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When people think of hackers, they often picture a hooded criminal tapping away at their keyboard in the darkness of their basement. But, the reality is that hacking has become a big business – and not all of it is malicious.
While black-hat hackers still exist, today hacking has transcended its wholly negative connotations and become an integral part of cybersecurity practices.
Large organisations and governments rely on teams of skilled hackers to bolster their cybersecurity defences and uncover potential vulnerabilities within their digital infrastructure.
These professionals, known as ethical hackers or 'white-hat' hackers, work to identify weaknesses before malicious actors can exploit them. Ethical hacking has evolved into a legitimate and crucial aspect of the technology landscape, and organisations are continuously looking for the biggest and best hackers to protect their organisations from cybercrime.
In this list, we’re counting down ten of these ethical hackers, exploring how each of them worked their way to stand among the best and most famous hackers in the world.
Marc Rodgers has been hacking since the 80s – both as an ethical hacker and cybersecurity expert. With a hacking career spanning over 20 years, he has hacked a wide range of high-profile devices and systems, including Apple's TouchID and the Tesla Model S, ultimately making the systems more secure for both the companies and their users. Rodgers is also well-known for his work on television, including technical support for USA Network's ‘Mr. Robot’, helping create hacks for the show, and regularly featuring on the BBC series ‘The Real Hustle’ as an on-screen expert of technical scams.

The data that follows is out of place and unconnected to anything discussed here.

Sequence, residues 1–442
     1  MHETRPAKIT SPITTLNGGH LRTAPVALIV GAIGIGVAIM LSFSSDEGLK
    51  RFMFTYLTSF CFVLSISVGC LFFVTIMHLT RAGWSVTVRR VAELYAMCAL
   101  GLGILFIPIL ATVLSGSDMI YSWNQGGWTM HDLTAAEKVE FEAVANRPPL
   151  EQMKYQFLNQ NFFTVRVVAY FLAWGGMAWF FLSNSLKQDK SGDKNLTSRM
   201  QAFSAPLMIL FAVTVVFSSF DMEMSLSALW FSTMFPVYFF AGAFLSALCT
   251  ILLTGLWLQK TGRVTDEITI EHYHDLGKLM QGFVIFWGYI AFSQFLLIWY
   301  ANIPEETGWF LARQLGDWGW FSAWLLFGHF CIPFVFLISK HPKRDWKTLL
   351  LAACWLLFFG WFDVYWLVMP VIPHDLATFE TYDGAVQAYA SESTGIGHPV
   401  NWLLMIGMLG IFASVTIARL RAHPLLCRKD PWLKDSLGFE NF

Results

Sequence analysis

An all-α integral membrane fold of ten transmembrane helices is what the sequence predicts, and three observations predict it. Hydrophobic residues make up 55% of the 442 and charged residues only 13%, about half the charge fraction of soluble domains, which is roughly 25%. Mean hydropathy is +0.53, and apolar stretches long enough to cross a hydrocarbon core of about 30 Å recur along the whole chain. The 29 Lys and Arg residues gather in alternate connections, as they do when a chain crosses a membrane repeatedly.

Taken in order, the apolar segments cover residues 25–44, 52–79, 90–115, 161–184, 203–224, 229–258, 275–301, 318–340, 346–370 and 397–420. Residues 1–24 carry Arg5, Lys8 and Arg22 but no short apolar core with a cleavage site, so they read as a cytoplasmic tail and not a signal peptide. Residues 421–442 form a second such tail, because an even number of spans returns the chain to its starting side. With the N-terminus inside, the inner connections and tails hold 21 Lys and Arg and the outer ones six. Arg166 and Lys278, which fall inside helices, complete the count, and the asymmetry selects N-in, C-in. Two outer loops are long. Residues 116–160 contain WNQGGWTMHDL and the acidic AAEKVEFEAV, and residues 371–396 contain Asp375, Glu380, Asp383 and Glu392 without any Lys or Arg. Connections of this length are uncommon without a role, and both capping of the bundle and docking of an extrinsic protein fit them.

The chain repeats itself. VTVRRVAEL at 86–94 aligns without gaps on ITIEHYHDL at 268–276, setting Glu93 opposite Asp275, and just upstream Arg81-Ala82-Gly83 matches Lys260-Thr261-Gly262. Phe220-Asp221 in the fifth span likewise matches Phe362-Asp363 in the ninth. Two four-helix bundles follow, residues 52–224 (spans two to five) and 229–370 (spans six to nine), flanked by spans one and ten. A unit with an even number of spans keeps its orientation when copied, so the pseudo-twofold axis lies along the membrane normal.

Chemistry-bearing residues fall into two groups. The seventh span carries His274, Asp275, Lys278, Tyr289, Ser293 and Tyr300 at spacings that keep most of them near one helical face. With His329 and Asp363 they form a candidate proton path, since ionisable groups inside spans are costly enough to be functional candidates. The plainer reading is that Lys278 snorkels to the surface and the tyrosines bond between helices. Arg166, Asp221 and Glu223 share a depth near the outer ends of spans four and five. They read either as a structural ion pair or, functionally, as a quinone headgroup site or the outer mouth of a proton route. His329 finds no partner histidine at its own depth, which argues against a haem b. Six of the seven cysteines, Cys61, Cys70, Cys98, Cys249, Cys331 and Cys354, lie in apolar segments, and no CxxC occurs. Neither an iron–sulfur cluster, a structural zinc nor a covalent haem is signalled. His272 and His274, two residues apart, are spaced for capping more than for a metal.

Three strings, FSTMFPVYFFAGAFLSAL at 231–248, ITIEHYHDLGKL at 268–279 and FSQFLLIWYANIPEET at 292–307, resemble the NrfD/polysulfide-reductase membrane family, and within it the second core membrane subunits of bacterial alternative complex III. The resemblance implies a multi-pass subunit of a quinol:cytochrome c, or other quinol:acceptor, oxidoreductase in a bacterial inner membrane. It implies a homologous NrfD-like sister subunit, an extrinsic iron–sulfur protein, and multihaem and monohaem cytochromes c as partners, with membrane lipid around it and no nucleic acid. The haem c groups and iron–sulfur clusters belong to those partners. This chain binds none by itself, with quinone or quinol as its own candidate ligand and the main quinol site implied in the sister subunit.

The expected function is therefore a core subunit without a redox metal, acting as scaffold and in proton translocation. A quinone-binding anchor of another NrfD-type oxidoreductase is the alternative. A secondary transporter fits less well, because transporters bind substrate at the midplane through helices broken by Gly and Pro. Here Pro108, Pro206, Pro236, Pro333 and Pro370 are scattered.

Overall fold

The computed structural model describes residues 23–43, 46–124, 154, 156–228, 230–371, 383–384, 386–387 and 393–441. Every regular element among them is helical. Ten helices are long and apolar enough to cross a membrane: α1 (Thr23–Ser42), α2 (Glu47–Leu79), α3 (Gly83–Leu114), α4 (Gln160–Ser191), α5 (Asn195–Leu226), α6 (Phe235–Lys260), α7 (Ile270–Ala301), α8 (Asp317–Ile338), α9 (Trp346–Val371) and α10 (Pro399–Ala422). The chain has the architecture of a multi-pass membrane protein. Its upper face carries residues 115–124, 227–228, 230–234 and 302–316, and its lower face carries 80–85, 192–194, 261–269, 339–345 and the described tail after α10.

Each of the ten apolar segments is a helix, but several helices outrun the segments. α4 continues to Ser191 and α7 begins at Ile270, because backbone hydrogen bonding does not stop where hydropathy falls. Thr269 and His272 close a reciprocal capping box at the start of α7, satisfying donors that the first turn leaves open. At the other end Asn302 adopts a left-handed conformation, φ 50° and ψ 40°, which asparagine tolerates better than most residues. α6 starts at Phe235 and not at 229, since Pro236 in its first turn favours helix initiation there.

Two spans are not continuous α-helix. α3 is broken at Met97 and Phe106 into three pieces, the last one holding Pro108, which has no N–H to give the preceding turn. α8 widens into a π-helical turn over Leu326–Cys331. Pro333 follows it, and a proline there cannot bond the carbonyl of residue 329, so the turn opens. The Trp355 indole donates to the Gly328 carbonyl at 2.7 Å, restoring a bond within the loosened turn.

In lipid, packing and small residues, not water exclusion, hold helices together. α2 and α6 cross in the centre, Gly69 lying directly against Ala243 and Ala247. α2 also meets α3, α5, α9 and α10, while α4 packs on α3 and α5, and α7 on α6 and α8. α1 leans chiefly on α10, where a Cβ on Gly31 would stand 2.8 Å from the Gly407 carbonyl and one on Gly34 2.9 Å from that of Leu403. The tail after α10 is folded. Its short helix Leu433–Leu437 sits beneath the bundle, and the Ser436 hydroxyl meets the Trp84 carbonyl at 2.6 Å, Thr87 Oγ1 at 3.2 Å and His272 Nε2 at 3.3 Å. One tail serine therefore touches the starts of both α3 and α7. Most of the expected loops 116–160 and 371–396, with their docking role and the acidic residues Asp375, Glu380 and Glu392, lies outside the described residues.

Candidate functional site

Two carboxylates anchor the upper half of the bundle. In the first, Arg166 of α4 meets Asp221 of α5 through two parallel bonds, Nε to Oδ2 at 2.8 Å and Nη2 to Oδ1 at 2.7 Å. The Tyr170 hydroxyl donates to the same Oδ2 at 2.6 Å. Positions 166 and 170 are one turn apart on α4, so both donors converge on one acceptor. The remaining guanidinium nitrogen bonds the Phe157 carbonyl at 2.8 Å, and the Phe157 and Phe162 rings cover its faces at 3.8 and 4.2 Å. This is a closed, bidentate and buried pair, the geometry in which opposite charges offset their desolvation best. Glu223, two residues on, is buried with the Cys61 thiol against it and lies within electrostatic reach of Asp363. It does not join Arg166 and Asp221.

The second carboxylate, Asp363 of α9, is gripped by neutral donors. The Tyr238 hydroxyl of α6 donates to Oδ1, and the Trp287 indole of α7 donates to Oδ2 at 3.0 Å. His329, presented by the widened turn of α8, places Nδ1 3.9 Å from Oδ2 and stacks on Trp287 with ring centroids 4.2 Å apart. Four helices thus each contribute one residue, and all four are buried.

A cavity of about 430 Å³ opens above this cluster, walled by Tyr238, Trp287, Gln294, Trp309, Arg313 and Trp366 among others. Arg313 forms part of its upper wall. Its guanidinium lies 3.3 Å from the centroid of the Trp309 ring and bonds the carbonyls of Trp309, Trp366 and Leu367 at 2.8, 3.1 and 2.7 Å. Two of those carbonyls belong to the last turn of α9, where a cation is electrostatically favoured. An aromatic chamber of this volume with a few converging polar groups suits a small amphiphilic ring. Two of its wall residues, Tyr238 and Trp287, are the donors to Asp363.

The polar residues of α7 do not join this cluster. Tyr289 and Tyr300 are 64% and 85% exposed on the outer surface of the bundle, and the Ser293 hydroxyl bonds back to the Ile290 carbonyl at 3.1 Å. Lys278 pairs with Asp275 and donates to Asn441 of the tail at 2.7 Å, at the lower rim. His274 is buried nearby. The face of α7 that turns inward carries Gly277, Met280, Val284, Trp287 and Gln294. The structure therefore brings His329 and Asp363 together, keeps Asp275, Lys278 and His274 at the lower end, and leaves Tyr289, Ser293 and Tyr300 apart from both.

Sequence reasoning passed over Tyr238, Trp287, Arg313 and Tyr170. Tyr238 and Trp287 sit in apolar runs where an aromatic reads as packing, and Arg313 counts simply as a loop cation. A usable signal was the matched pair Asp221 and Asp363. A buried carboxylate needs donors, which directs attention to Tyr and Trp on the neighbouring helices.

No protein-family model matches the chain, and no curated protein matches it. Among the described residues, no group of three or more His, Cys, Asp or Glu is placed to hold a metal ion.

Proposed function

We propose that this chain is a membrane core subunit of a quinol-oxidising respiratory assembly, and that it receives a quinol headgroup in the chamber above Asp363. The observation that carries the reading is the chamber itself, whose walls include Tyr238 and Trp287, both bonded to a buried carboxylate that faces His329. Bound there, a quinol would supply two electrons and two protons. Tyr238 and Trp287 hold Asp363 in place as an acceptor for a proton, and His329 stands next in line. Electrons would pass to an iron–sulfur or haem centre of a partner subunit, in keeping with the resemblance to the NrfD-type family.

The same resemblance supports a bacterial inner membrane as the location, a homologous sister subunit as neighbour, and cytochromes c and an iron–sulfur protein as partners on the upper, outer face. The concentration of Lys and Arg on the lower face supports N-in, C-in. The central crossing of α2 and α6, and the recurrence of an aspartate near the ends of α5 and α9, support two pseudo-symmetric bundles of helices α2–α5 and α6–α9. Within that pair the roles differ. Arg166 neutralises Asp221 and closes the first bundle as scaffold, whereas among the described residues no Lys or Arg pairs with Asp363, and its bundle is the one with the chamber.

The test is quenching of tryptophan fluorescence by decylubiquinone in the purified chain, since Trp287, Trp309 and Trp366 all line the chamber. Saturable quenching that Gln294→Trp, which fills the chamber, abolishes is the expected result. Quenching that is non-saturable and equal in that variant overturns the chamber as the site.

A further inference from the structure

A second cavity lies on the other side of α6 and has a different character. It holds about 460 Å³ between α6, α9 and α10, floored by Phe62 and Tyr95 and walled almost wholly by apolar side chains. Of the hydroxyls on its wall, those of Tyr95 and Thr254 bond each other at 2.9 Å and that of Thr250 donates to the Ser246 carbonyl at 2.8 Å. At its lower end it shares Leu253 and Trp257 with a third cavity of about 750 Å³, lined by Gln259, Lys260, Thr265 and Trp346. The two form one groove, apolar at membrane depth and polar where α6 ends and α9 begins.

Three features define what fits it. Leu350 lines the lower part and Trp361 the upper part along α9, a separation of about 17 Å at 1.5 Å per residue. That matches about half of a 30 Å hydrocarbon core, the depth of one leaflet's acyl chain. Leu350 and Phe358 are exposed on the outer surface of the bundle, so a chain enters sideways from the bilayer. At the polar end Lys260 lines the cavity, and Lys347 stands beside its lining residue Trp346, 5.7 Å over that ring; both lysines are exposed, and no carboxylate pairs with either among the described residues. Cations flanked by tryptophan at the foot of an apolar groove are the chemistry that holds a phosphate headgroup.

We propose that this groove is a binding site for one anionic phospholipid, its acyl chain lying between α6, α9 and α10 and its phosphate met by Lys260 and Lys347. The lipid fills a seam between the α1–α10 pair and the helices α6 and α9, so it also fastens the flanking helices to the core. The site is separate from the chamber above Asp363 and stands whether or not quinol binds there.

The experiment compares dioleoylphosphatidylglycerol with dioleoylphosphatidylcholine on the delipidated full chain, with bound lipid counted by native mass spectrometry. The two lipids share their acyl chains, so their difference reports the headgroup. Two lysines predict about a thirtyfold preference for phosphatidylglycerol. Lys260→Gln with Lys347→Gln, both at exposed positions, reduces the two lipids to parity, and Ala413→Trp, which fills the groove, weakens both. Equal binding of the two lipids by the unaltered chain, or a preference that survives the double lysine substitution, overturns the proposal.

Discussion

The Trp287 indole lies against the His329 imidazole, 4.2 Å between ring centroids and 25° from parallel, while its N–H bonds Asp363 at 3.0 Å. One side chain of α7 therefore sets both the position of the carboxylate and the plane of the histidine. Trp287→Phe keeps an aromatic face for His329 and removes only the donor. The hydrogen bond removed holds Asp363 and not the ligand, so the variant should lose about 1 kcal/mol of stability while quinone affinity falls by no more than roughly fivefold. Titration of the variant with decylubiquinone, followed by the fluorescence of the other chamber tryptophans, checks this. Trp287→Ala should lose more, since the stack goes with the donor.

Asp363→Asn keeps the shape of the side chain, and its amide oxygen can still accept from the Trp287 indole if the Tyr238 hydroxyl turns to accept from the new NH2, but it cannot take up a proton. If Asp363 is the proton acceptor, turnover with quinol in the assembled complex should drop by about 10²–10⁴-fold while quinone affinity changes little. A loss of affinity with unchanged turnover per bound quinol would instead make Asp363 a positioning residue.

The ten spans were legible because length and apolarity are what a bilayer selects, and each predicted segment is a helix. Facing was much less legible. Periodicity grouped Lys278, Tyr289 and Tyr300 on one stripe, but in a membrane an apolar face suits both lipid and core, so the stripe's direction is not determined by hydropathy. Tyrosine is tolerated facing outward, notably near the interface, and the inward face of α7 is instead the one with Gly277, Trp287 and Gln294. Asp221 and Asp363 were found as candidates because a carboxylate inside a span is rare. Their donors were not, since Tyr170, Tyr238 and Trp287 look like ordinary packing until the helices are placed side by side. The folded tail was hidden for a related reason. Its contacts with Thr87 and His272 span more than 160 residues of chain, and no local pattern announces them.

Today, Rodgers is known for his role in the US Ransomware Taskforce and as the co-founder of DEF CON, the world's largest hacking conference. He is also the founder of the CTI League, a collective of professionals, government agencies, and law enforcement who work together to protect the medical sector and other life-saving organisations from cyber attacks.
Dr Charlie Miler
A former National Security Agency hacker, and the first to hack both iPhone and Android phones, Dr Charlie Miller gained international attention after he and research partner Chris Valasek hacked a 2014 Jeep Cherokee and took control of the vehicle from more than 10 miles away. He also notoriously found vulnerabilities in Apple products, including the iPhone and MacBook Air and the App Store, prompting Apple to reassess its security strategy. This quickly caught the attention of the security community and Dr Miller was invited to speak at security conferences and events all over the world and was featured in several media outlets.
Today, Dr Miller has become a highly respected figure in the security community. He joined the SANS Institute earlier this year teaching courses on ethical hacking and security research to people around the world. His legacy has made him one of the most famous hackers within the cybersecurity community.